SAN FRANCISCO -- There was no underselling the magnitude of what was to unfold on Sunday at Oracle Park. With a win, the Giants had not only history but the division. With a loss, their fate was out of their hands.
The Giants entered the final day of the regular season in control of their own destiny. Behind the single greatest performance of his career, Logan Webb decided what that destiny would be.
Webb, yes, did the job he was assigned, pitching another gem and setting the tone for an 11-4 win that felt more like a coronation and less like a thriller. What was thrilling, however, was Webb’s first career home run, the two-run shot heard ‘round China Basin. It served not only as the exclamation point of Webb’s season, but his team’s as a whole, a unit that won a franchise record 107 games. In Webb’s mind, the day has no comparison:
“It was awesome,” Webb said. “No. 1 day, for sure.”
It was a two-sided performance that evoked memories of another Game 162, one that still lives fresh in Giants lore.
On Oct. 3, 2010, 11 years ago to the day, the Giants needed one win against, coincidentally enough, the Padres to clinch the NL West. A loss would’ve set up the dreaded Game 163 -- sound familiar? -- which would’ve taken place in San Diego. Jonathan Sánchez not only handled business with five shutout innings, but roped a one-out triple in the bottom of the third, setting the table for a two-run inning and eventual clinching victory.
Unlike Sánchez, however, Webb’s fireworks came in a different scenario. When Webb stepped to the plate in the bottom of the fifth, San Francisco already led by six runs. With the way Webb was pitching, the Giants were in cruise control.
Webb then proceeded to step on the gas. He sat on an 0-1 changeup from Nabil Crismatt and just barely lined it over the left-field fence for a two-run home run. The home fans, a group that was ready to erupt as loudly and as frequently as needed, went into a frenzy. On an afternoon filled with plenty of offensive fireworks, none came close to generating as much collective catharsis.
“He’s known for a while that it was a matter of time before he was going to get one,” said catcher Buster Posey.
A matter of time indeed, considering it almost happened in this season’s infancy. Webb nearly had a home run earlier in the season, hitting a two-run triple on April 25 off the very top of the right-center-field wall. And with the designated hitter potentially coming to the National League next season, Webb’s blast might be the final regular-season home run ever hit by a pitcher (not including, of course, Shohei Ohtani).
Webb joked that he’ll use the home run as a point of pride against fellow starter Kevin Gausman, who had a pinch-hit, walk-off sacrifice fly several weeks ago.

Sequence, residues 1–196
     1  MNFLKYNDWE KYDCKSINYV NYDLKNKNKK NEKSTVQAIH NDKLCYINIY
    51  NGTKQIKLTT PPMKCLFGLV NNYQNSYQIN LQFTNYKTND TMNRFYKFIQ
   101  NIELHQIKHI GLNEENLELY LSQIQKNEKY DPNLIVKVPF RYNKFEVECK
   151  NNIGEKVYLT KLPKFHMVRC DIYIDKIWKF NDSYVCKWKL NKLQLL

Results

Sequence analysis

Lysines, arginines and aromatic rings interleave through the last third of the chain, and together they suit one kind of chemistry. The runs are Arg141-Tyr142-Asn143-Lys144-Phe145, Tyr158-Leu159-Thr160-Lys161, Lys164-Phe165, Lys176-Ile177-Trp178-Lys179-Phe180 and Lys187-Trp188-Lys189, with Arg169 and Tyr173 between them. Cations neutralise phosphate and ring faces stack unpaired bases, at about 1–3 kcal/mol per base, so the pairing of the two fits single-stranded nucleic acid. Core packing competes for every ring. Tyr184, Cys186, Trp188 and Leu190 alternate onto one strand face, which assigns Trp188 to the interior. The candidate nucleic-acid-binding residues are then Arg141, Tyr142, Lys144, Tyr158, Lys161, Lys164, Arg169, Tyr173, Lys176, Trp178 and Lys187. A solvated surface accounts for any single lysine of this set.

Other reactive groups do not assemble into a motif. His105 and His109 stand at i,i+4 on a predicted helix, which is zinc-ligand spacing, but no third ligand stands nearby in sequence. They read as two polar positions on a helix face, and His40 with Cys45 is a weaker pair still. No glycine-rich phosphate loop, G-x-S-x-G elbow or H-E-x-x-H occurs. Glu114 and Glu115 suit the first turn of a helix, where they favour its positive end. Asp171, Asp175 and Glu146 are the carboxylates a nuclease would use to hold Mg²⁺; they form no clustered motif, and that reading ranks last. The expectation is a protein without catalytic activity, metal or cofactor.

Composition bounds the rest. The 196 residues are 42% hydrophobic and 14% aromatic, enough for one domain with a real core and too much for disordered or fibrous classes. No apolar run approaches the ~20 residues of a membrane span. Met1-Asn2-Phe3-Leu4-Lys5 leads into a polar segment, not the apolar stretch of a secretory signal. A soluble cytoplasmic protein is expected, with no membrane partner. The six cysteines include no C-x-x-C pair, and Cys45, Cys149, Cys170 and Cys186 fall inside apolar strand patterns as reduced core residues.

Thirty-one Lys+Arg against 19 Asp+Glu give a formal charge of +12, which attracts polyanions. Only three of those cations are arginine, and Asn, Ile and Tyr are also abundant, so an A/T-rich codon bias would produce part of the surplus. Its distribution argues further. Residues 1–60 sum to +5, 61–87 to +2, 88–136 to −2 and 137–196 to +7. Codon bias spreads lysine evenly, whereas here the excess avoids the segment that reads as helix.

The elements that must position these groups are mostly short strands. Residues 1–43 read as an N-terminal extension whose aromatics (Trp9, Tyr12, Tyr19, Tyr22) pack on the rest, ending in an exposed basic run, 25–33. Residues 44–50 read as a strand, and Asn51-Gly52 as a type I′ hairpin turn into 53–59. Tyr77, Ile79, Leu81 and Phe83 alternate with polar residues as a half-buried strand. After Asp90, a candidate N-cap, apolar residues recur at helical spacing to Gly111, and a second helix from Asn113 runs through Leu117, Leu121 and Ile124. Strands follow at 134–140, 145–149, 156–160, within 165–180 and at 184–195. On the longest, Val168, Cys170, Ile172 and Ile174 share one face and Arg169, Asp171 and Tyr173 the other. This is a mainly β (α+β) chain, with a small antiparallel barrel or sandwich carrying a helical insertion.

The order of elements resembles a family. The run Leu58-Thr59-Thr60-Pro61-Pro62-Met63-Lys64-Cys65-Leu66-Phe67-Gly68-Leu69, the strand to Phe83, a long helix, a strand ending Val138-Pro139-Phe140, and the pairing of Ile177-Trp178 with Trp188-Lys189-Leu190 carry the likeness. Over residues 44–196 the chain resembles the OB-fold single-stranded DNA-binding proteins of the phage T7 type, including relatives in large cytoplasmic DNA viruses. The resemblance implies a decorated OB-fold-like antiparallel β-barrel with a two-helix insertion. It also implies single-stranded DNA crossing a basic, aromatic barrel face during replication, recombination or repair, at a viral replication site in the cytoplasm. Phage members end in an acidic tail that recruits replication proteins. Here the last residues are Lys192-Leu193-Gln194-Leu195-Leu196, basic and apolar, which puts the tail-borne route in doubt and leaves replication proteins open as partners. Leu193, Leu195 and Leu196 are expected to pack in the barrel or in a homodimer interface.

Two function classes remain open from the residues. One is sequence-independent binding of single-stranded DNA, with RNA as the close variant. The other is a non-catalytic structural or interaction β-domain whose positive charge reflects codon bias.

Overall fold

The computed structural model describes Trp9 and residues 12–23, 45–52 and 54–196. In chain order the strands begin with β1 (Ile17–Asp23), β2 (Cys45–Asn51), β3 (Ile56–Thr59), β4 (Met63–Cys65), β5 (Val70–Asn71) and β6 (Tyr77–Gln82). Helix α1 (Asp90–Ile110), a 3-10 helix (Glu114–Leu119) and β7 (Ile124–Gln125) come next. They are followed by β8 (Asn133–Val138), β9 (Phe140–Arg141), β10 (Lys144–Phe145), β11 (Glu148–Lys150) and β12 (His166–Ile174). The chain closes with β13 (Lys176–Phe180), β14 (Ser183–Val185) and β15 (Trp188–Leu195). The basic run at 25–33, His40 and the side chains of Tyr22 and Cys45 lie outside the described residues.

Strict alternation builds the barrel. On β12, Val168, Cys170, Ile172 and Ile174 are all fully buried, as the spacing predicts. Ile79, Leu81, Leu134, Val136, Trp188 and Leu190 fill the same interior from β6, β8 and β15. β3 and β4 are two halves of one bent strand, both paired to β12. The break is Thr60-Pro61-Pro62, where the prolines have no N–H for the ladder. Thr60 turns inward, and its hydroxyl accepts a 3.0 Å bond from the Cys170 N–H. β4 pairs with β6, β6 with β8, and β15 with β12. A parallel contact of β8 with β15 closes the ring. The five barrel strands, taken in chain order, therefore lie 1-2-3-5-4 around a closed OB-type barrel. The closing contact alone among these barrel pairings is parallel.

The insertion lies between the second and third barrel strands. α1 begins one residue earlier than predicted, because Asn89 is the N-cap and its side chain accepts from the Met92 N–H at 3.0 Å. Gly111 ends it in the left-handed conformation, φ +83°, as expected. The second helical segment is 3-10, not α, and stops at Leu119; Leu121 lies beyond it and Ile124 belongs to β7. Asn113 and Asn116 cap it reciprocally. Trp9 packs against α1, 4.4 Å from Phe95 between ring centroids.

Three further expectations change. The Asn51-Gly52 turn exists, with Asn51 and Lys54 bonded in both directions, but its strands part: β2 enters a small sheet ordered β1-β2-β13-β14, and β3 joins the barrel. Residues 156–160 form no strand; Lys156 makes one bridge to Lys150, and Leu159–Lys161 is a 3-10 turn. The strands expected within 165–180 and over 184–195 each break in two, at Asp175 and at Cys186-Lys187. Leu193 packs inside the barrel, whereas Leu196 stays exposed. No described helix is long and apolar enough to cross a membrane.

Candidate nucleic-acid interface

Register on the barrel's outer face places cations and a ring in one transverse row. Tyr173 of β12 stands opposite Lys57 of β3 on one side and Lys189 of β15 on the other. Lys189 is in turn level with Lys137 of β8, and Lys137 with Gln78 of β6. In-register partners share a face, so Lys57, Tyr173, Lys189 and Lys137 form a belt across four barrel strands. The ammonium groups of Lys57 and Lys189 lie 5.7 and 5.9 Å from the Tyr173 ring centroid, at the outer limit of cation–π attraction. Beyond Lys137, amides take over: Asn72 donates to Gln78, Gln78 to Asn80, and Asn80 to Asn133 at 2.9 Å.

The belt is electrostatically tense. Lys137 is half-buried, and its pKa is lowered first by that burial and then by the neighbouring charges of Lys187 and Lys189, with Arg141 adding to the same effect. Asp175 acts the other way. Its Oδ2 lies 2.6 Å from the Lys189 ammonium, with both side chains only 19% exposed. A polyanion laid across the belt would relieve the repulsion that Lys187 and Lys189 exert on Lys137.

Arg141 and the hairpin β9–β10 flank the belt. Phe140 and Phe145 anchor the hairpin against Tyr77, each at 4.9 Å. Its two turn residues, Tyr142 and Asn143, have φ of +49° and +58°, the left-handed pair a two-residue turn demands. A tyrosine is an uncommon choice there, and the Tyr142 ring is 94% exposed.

“[Gausman] was telling me he watches that video every single day,” Webb said. “The first thing I did [after the home run] is I came here and said, ‘You know how you watch your walk-off? I’m going to watch the home run every single day.’”
The home run wasn’t Webb’s only exhibition of his offensive skillset as he reached base in three of his four plate appearances and scored three runs. Along with a single, Webb worked a seven-pitch walk in the fourth inning, keeping the line moving in what became a five-run frame.
While Webb’s blast was this game’s signature moment, it almost overshadowed Webb’s masterful performance on the mound. Given the circumstances, it was Webb’s magnum opus.
Webb neutralized San Diego’s perpetually potent lineup with one final masterful outing to end the regular season. Although his final line took a hit with a rocky eighth inning -- he’d allow four total earned runs -- Webb surrendered just one run across his first seven frames with eight strikeouts.
When Webb, who finished the season with a 3.03 ERA across 148 1/3 innings, was relieved of his duties in the eighth inning, he received a thunderous standing ovation, tipping his cap to the collective that saw him evolve from borderline starter to budding ace.
“From first pitch on, you could see that his confidence level was high,” said shortstop Brandon Crawford. “I kind of expected a performance like this, honestly. He’s been doing that all year.”
When Posey, who has caught quite a few significant games in his career, was asked if Webb’s performance will be talked about in the same air as Sánchez, he didn’t hesitate to find an answer: “I do.”